A mixed-use building proposed for 820 S.E. Alder St. would have 176 residential units above 5,000 square feet of retail space.

By: Liz Sias


(Editor’s note: A previous version of this story mistakenly stated that the proposal was denied by the Portland Design Commission. However, the commission did not vote whether to approve the proposal.)

A proposal for a new mixed-use building in the Buckman neighborhood wasn’t approved Thursday by Portland design commissioners; however, they believe TVA Architects is on the right track.

The nine-story building at 820 S.E. Alder St. proposed by VWR Development and owned by Alder 8 Apartments LLC of Vancouver, Washington, would include 176 residential units above 5,000 square feet of ground-floor retail space along Southeast Morrison Street and Ninth Avenue. The structure would replace a three-story warehouse that sits on the 19,000-square-foot site currently.

A residential lobby would face the corner of Southeast Alder Street and Ninth Avenue, and a combined parking and loading garage with 69 parking spaces would face Alder Street. The building would feature brick, metal panels and vinyl windows.

The project team has requested four modifications to zoning code. One would extend the height of the roof closure. Other code changes would alter the required ground-floor window length and the dimensions of long-term bicycle and vehicle parking spaces.

Iain MacKenzie of TVA Architects said the design team has made some revisions since last meeting with city staff.

“We introduced a second entry, which will be very convenient for cyclists,” he said, because it would connect to the bike parking room. Also, balconies were added to provide more residents outdoor views of downtown and the Willamette River.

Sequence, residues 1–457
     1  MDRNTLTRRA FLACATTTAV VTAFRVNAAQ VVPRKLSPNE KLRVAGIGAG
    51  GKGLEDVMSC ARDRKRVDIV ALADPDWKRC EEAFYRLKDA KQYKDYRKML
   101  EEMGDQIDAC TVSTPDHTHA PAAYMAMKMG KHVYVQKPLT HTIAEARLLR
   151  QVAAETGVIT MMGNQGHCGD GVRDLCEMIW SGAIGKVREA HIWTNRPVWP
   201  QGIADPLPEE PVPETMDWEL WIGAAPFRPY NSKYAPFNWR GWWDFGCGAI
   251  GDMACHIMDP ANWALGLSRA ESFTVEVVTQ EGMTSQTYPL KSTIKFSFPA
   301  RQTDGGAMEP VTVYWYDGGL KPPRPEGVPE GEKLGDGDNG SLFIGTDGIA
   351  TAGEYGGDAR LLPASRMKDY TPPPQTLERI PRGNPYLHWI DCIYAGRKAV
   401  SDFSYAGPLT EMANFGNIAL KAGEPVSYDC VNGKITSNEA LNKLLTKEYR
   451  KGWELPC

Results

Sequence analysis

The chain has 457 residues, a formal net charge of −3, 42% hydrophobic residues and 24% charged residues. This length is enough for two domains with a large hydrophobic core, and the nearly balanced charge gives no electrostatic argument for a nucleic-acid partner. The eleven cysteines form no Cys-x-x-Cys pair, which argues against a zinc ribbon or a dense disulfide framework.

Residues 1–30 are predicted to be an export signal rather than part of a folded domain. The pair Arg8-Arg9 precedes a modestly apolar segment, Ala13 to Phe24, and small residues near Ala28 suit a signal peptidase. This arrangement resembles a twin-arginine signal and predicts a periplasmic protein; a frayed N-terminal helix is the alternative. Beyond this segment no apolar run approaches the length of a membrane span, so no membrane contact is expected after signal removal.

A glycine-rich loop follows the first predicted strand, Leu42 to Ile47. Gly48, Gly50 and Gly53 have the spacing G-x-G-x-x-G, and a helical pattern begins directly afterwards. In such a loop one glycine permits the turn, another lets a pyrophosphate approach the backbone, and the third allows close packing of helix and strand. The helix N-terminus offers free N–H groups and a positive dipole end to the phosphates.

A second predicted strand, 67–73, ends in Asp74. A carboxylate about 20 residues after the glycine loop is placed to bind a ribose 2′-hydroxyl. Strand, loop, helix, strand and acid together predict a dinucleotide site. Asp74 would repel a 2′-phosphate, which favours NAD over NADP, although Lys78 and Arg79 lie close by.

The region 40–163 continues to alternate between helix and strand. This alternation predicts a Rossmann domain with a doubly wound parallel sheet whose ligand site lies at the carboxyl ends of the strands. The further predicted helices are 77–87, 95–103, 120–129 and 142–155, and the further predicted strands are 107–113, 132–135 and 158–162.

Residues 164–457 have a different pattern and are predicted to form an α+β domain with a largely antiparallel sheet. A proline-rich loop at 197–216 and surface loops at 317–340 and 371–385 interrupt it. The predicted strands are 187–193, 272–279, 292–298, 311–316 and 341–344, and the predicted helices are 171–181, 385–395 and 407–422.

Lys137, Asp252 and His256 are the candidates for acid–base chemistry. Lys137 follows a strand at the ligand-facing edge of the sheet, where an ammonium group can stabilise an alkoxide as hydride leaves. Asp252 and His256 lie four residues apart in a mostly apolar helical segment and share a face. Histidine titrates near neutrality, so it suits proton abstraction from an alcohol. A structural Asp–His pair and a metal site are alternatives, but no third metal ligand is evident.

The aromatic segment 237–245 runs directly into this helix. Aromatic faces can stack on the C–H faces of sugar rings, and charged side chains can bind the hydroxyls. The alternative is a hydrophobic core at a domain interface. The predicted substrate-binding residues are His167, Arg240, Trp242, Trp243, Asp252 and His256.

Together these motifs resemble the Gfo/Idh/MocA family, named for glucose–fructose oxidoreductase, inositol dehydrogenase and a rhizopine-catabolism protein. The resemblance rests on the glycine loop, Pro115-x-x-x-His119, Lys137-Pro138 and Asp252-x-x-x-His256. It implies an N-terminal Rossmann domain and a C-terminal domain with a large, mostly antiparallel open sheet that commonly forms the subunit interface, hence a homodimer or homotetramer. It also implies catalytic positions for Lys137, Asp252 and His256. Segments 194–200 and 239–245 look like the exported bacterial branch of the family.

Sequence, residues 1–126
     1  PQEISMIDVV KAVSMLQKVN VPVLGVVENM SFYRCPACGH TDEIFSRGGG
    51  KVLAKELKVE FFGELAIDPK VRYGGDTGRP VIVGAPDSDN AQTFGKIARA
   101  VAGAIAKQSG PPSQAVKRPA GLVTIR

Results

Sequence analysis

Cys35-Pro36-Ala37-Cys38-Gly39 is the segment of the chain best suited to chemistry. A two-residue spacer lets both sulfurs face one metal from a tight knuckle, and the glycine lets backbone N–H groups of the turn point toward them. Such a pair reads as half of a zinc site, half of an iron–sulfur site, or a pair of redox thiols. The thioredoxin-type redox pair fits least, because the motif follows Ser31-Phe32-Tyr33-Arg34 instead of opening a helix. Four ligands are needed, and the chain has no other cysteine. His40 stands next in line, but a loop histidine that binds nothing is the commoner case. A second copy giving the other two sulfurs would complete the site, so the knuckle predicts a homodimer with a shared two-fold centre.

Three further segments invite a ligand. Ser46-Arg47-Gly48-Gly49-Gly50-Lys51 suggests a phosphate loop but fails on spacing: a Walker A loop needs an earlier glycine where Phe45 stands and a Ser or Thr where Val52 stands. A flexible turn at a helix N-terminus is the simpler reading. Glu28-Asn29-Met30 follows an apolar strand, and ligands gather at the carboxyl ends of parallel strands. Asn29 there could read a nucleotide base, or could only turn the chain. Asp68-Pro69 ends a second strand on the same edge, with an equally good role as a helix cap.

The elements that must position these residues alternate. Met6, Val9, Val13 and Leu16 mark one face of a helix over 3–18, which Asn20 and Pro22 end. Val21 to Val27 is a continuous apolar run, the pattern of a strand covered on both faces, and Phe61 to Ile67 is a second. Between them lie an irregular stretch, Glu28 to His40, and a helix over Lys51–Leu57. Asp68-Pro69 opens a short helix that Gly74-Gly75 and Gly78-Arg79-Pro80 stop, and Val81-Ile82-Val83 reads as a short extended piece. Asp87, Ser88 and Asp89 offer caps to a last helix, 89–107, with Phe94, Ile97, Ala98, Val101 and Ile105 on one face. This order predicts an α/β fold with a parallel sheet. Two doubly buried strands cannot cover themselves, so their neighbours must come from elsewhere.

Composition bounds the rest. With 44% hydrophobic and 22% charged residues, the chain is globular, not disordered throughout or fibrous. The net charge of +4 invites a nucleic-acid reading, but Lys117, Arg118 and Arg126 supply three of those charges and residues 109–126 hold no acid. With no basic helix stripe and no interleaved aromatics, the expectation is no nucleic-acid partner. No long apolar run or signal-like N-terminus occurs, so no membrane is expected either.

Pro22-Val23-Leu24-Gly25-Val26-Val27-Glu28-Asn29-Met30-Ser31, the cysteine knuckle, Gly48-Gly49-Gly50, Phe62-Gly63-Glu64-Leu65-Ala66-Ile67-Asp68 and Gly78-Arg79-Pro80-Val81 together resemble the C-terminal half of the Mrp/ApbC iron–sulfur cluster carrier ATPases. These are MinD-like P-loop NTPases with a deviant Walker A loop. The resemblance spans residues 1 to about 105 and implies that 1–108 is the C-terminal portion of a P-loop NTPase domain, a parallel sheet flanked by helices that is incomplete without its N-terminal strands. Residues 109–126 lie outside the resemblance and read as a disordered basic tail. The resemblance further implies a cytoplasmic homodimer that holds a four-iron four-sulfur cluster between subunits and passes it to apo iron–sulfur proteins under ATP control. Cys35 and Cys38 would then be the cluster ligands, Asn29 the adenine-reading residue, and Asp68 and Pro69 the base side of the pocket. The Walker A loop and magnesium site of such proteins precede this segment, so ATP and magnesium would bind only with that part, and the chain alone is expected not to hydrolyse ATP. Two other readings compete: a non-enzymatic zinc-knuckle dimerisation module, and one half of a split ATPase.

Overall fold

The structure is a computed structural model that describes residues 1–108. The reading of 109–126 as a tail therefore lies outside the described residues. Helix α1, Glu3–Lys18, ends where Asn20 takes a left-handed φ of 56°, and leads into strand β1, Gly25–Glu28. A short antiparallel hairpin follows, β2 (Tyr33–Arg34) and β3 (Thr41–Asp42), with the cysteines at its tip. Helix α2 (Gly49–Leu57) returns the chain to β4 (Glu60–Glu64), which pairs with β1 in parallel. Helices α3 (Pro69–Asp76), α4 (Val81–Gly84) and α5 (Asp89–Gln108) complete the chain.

Portland senior planner Ben Nielsen told commissioners in his presentation that staff recommended denying the proposal for several reasons. One was because the balconies would be a pale yellow; staff suggested the color match the background for coherency. Also, light fixtures attached to the ground could shine into pedestrians’ eyes, the staff report stated.

City staff also suggested expanding the size of the lobby, and requested opaque panels or translucent glass – instead of mesh, as proposed – be used to obscure views of the parking area.

Most commissioners disagreed with the staff’s opinion on the balconies and said they liked the yellow.

“I think the color of the balconies adds an additional layer of color and texture,” Commissioner Jessica Molinar said.

Commissioner Don Vallaster said he likes the color of the balconies and how it highlights the building.

“This is really strong architecture and really strong work,” he said. “In general, I think a lot of the small moves they’ve made have really strengthened the project.”

TVA Architects’ Robert Thompson told commissioners the building would fit in the context of the neighborhood.

“This is an evolving neighborhood,” he said. “This is very much in sync with the developments happening in that neighborhood. We’ve taken a lot of cues from buildings in that area.”

The design calls for reliefs covered by canopies on the ground level along Southeast Ninth Avenue and Morrison Street in order to increase the width of the sidewalk and allow for more outdoor space, Thompson said. The team also is thinking about adding lights under the canopies in each relief bay and under the canopy of the main entrance.

However, Molinar said she wanted the retail windows to be further out toward the street.

“The recesses, although only three feet deep, I think it’s going to make it really tough for that retail to be successful because you can’t see the storefront from the street as you’re driving by until you’re right in front of it,” she said.

Most commissioners didn’t like plans for large corner windows that would extend outward and asked the design team to address that element.

After making revisions, TVA Architects will return before the Design Commission on April 19.

“Generally, it seems that everybody is responding very well to the grid and the strengths of the building,” Design Commission Chairwoman Julie Livingston said. “Just push a little bit further and we’ll all be there.”